Let’s not struggle with our need for control.  Let’s build the leaders behind us.  Let’s be an example for them, not of traditions, not of man-made exalting, but of trusting God.  Let’s live our convictions and trust God to take care of them and guide them exactly as He has done for us, even if it means changes to our routines or even our world.  Let’s pray for them, support them, and be there for them as voices of wisdom.  But let us NOT use our experience as a weapon of control to hold them captive to our own preferences or ideas simply because we do not like change. Let us love them with the love described in 1 Corinthians 13.

shutterstock_104902931We don’t need to pour water on their fire, but instead fan the flames.  We don’t need to pass a bucket of water to them, we need to pass a torch burning with fire and let them take it so they can feel the energy of what it’s like for THEM to leap out and trust God.  It is through their own experiences with God that they will energize their generation.  Churches and other organizations today don’t look like they used to, and churches/organizations tomorrow won’t look like they do today.  The sooner we understand that, the sooner we will realize the power of a living God who never changes, no matter what our society does. He is still the same yesterday, today and forever.  His power is exactly the same, and He will reach through whatever the cultural customs may be and touch the hearts of those who seek Him.  He’s been doing it since the beginning of time and will not cease until He returns.

Consider this, depending on where you are in your life’s journey:

  • If you have already passed the torch, or are in the process of doing so, be willing to let go and trust the leadership you have shown and the example you have been to those behind you.  Let go of the torch and trust them to take hold and run forward with it.  Don’t struggle with it, or become angry, bitter or critical because you think you can still do things better.  Pray for the next generation, for them to be open to God’s leading.  Pray for yourself that God will reveal new ways for you to support and encourage them…even when they make mistakes.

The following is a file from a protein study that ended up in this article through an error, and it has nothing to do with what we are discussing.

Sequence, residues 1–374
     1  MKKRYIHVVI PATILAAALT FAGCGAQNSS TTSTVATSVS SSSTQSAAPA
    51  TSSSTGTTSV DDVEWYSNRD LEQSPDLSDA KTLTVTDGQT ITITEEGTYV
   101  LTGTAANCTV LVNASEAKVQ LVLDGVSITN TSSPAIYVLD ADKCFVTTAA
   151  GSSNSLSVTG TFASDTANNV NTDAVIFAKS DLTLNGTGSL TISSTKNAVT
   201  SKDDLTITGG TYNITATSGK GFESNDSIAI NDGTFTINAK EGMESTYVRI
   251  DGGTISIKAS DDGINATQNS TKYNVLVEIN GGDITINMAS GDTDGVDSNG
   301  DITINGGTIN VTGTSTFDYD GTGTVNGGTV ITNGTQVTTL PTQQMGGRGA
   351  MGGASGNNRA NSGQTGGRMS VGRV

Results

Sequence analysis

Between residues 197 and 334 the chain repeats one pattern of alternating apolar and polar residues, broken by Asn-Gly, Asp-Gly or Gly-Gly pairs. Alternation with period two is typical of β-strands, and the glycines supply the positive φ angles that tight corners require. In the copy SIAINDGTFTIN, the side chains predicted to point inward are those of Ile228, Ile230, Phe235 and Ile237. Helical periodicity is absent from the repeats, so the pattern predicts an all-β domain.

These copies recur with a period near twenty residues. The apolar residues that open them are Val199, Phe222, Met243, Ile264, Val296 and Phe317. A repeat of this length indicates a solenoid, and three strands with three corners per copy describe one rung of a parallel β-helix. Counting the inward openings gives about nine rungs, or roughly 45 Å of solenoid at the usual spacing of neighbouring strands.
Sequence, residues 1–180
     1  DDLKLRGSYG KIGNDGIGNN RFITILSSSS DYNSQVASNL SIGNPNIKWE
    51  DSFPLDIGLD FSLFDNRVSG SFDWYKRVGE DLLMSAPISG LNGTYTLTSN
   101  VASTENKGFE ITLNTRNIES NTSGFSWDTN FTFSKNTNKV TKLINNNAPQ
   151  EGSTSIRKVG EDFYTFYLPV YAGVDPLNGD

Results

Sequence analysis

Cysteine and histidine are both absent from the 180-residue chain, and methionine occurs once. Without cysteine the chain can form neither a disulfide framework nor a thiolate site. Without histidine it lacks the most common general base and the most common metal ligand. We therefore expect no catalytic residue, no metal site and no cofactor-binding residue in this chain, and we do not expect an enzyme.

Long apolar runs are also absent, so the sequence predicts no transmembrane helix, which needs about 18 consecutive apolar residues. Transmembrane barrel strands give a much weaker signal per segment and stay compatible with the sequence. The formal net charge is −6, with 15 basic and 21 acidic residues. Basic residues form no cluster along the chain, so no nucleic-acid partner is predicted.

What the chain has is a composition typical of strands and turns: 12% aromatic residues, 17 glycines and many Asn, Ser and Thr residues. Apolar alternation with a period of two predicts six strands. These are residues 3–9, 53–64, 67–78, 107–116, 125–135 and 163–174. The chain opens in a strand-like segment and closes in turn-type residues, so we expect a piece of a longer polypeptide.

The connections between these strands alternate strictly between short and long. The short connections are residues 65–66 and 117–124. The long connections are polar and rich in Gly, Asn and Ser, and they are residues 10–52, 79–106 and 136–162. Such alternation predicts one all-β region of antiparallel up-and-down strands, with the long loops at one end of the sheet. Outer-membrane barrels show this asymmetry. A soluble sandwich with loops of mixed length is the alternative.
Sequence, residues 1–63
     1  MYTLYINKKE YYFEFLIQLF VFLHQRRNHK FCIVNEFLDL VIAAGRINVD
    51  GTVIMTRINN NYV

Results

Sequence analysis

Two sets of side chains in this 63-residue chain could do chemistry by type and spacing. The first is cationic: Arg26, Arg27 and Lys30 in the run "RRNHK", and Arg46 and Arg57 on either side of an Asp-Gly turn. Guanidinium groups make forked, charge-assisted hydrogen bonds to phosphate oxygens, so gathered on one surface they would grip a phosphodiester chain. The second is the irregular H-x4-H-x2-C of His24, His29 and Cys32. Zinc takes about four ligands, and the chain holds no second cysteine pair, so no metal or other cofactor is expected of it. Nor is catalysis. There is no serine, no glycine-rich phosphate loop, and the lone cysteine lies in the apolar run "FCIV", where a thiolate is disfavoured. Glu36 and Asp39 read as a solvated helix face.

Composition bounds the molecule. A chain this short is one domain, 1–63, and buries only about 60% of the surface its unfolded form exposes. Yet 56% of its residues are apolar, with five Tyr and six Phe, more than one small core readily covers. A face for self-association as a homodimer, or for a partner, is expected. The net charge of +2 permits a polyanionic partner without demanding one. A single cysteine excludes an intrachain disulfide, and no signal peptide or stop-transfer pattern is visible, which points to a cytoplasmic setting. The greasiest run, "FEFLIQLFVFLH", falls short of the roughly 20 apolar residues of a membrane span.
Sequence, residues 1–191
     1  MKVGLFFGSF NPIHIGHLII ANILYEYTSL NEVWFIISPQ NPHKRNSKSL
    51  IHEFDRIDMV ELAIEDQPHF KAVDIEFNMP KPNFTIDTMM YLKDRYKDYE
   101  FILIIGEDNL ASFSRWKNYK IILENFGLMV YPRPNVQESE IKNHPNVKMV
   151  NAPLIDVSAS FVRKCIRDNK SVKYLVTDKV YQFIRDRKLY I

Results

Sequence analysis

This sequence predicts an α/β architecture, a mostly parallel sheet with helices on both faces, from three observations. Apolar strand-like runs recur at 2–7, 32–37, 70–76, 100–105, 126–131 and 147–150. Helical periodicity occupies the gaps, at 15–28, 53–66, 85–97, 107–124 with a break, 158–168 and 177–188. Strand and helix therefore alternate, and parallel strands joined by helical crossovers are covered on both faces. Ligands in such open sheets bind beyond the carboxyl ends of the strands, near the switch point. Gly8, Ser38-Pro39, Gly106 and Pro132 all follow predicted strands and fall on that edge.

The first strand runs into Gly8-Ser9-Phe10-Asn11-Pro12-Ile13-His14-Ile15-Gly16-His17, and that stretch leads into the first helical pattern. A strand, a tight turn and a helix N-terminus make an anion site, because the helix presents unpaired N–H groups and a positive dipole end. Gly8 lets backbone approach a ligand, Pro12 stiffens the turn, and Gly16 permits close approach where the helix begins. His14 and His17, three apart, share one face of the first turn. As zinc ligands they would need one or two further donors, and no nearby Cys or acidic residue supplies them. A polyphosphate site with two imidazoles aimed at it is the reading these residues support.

• If you are following along behind someone bearing the torch, pay attention.  Talk to them; find out why they do what they do.  Learn the history of the torch they bear so it becomes personal to you.  Support and encourage them, instead of thinking they are old-fashioned and don’t know anything.  Look through the differences of age or culture and see the truth behind the external methods.  Don’t let your frustration with “old” things blind you to some of the value they might hold.  Be patient and develop your own embers on the inside so that one day, those embers can be ignited when you are handed the torch.
  • And if you are the one holding a torch right now of any kind, recognize the huge responsibility that comes with it.  Make sure you are carrying it faithfully and authentically.  But make sure you are looking to those coming behind you and teaching them how to step up when it is time for you to move on.  You owe it to everyone who is counting on you right now to BE the torch-bearer.

shutterstock_161649257A “death-grip” on the torch eventually results in the death of whatever cause, church, or organization for which it is being carried.  May we all take a long, focused look at ourselves and make sure we do not contribute to the death of the torch.  Let us not snuff the flame through our laziness, apathy, or need for control…but let us stoke the fire and cheer on those who are willing to step up and carry it forward.